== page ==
Here in Belgium we know that spagbol is not Italian. We even claim it Belgian. And because I consider it Belgian, it also does not needs to be eaten in the Italian way.

1

u/Old_Harry7 Italy Aug 17 '22

Glad to hear that.

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11

u/Xepeyon America Aug 17 '22

Europe: A bustling variety soups, stews, pastas and casseroles, with cheeses, meats and veggies, and more!

Finland: A fucking load of bread...

3

u/kaukanapoissa Aug 17 '22

I don’t know who made this but clearly the only thing they know about Finland is that we like rye bread. Which we do.

We do eat other food as well though. My choice for a dish would be salmon soup.

1

u/PossiblyTrustworthy Aug 17 '22

And clearly the people commenting on the bread never ate proper bread:)

1

u/enigbert Aug 17 '22

and Moldova has polenta...

2

u/MonitorMendicant Aug 17 '22

Mămăligă isn't much of a dish (not to mention that it isn't unique to Moldova, Bulgarians sometimes call, or used to call, Romanians "mămăliciki"), it used to be consumed by peasants as a replacement for bread to the point it was a health issue in 19th century RO because a diet relying on corn that isn't processed in a certain way will cause Pellagra, due to a lack of certain nutrients. To make matters worse, it was eradicated in the '60s and made a small comeback, especially in the '90s (that should demonstrate how "great" the '90s were).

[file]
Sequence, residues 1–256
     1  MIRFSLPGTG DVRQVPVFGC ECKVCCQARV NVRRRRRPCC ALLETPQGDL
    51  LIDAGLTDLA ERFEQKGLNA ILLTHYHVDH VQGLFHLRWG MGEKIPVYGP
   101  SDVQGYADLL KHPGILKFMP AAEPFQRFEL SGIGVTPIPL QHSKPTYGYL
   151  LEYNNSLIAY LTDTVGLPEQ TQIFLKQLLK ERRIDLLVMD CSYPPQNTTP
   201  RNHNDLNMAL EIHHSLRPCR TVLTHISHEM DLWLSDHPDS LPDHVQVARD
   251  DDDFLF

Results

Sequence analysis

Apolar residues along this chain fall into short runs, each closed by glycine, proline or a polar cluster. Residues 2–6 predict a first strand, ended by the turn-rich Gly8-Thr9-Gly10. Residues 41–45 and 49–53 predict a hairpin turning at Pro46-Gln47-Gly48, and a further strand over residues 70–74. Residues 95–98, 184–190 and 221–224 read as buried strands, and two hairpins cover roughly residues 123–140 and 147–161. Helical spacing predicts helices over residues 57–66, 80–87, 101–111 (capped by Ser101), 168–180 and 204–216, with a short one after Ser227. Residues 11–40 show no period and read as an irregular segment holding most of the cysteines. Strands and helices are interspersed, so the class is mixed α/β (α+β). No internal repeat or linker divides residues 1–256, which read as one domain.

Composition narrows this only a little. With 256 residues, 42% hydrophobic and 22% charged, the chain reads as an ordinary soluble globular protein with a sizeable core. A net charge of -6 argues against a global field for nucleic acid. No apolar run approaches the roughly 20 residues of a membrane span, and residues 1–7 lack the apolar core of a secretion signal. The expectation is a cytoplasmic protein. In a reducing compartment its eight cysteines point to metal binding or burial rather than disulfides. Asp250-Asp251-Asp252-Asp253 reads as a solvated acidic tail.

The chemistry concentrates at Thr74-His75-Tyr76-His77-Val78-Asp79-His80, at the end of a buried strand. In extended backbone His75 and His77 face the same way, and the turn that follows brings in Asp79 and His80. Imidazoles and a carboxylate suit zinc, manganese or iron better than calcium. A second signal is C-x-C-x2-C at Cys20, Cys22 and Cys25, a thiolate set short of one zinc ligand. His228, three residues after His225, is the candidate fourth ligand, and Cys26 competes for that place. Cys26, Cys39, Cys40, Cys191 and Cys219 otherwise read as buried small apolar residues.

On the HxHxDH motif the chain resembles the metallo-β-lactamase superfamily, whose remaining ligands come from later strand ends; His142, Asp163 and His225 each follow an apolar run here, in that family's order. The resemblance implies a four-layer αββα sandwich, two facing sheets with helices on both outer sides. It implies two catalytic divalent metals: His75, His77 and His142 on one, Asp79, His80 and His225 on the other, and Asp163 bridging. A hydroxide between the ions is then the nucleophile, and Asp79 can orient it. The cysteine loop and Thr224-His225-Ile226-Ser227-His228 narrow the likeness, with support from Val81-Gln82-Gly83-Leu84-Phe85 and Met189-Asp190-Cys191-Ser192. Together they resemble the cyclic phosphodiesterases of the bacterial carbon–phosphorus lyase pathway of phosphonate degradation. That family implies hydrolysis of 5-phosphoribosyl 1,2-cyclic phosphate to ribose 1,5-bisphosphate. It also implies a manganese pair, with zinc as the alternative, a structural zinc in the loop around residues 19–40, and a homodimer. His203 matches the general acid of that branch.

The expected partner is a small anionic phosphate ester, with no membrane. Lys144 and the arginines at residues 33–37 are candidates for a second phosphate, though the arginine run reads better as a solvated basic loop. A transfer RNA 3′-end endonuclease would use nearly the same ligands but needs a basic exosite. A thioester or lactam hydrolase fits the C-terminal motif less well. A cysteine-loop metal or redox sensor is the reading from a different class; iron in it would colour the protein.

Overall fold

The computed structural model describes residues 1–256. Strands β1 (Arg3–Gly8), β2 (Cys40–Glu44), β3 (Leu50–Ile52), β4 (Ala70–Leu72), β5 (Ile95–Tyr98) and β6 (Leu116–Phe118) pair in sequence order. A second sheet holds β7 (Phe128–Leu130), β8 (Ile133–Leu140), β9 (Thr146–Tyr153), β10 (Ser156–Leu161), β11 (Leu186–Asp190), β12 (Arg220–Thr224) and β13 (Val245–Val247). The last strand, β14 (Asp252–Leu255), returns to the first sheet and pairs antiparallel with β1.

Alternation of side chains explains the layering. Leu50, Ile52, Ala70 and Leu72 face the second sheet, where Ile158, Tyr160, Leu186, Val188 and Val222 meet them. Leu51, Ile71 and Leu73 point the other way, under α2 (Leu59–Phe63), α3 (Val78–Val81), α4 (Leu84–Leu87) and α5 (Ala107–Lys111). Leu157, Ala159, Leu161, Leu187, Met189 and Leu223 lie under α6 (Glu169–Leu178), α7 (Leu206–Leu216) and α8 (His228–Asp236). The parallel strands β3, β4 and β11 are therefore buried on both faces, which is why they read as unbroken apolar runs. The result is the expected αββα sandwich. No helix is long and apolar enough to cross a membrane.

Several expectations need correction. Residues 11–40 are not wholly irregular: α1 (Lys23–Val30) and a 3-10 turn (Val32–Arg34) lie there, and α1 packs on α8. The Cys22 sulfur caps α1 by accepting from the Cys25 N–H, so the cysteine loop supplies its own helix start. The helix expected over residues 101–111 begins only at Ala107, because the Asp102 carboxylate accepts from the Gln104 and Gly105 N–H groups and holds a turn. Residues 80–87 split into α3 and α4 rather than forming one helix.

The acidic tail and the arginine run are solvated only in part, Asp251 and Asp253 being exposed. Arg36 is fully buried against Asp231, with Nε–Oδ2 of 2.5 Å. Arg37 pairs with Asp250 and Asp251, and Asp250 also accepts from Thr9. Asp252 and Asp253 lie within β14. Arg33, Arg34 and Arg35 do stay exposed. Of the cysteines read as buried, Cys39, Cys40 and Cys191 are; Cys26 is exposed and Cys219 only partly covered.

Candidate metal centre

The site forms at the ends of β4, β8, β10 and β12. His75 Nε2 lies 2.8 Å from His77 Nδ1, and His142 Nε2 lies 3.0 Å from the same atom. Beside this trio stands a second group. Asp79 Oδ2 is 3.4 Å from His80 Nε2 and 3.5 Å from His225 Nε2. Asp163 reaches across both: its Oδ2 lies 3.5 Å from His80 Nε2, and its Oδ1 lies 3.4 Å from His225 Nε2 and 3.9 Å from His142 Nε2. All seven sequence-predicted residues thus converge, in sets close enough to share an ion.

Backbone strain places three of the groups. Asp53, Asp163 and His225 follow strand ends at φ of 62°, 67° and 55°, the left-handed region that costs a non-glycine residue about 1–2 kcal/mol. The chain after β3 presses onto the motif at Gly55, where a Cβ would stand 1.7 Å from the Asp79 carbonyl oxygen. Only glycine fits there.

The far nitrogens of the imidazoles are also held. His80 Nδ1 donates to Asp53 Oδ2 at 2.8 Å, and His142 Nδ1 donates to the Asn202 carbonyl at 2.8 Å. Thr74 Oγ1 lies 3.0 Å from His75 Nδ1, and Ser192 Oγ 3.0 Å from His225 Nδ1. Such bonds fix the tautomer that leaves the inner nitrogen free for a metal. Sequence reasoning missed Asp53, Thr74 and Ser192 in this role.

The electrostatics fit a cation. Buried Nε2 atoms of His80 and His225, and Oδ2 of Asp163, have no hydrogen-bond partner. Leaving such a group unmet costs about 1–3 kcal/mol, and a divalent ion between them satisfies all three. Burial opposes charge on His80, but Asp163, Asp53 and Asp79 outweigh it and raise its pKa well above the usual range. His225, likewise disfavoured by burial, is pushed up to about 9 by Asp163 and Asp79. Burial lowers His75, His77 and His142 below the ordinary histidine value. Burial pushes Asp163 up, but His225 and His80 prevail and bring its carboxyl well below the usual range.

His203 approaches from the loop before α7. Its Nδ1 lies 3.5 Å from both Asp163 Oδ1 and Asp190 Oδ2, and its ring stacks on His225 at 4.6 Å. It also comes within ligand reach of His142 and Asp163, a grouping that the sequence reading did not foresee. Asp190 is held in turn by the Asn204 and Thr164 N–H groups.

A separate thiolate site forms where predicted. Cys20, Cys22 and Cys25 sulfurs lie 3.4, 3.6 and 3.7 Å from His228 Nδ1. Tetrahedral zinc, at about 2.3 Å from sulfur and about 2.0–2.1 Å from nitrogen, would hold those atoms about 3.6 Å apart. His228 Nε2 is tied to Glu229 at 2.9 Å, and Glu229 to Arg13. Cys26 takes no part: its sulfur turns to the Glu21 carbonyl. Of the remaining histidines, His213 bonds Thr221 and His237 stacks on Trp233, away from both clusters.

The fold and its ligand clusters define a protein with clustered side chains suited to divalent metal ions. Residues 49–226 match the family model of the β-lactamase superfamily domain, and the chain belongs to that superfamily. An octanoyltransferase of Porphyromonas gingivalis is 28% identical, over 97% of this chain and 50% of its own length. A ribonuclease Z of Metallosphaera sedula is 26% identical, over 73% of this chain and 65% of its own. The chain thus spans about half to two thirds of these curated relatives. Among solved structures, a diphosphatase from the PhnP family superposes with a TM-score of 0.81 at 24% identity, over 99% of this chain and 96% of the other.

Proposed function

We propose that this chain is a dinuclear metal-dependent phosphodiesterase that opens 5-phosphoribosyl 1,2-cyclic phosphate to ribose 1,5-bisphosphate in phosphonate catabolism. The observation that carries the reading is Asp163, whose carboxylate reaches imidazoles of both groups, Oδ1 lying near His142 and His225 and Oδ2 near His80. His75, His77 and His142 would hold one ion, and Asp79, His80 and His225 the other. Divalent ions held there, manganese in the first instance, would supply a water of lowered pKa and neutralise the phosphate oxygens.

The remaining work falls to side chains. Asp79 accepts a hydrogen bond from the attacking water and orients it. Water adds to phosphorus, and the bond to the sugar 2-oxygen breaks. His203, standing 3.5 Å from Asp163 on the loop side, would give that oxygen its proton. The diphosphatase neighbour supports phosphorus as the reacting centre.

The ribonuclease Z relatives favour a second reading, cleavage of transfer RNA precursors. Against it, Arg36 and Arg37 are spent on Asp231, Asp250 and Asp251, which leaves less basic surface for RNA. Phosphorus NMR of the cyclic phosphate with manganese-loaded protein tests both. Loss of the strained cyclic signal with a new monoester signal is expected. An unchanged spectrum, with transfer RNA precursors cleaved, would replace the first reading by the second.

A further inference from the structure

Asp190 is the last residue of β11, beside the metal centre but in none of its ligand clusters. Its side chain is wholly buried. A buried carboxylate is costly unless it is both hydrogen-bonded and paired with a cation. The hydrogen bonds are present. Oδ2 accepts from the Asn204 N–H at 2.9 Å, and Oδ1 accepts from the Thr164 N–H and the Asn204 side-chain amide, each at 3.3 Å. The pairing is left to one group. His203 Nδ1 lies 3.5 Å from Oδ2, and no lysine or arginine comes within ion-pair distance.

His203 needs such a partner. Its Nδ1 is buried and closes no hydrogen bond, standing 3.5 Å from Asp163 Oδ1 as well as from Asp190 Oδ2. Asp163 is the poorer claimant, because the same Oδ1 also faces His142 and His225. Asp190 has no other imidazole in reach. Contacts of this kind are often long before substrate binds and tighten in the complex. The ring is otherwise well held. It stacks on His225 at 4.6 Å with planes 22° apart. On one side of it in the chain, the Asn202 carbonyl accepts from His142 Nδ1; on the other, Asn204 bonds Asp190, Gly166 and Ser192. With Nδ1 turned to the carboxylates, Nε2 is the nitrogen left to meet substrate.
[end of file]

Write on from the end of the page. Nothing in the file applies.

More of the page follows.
They should have gone with "Cușma lui Guguță", assuming desserts count.

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3

u/keseit88ta Estonia Aug 17 '22

Not sure why Finland gets rye bread and not any other country in the region...

1

u/John_Sux Finland Aug 17 '22

It's not even a full dish, it's just ordinary bread

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u/euphoriadetox Aug 17 '22

Ooh stampot!

1

u/MyBallsAreOnFir3 Aug 17 '22

If it was either stampot for the rest of my life or death I would have a very hard time making a decision.

1

u/visvis Amsterdam Aug 17 '22

Honestly I think the only serious contender against stamppot would be kapsalon

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3